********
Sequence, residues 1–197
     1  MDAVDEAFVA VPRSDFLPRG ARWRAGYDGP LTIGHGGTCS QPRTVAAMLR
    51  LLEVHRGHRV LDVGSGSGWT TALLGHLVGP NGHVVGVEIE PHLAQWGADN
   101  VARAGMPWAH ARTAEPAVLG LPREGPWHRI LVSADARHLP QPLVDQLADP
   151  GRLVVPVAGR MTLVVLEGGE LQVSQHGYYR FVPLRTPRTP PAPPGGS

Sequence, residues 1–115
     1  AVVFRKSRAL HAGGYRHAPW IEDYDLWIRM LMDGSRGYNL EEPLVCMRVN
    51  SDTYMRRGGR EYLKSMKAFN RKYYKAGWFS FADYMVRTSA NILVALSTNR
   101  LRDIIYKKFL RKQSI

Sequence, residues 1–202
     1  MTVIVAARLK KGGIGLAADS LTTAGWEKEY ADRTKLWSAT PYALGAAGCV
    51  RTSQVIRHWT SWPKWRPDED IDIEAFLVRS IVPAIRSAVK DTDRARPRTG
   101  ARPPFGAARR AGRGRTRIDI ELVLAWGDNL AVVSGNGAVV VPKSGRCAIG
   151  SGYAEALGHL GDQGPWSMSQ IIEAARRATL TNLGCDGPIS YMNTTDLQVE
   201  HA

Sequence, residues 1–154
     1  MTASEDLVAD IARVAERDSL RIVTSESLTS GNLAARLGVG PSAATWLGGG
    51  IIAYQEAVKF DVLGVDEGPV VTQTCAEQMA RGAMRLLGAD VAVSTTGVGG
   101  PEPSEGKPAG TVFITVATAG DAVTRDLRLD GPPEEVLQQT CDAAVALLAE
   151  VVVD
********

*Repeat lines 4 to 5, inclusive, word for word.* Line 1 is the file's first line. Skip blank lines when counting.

   101  VARAGMPWAH ARTAEPAVLG LPREGPWHRI LVSADARHLP QPLVDQLADP
   151  GRLVVPVAGR MTLVVLEGGE LQVSQHGYYR FVPLRTPRTP PAPPGGS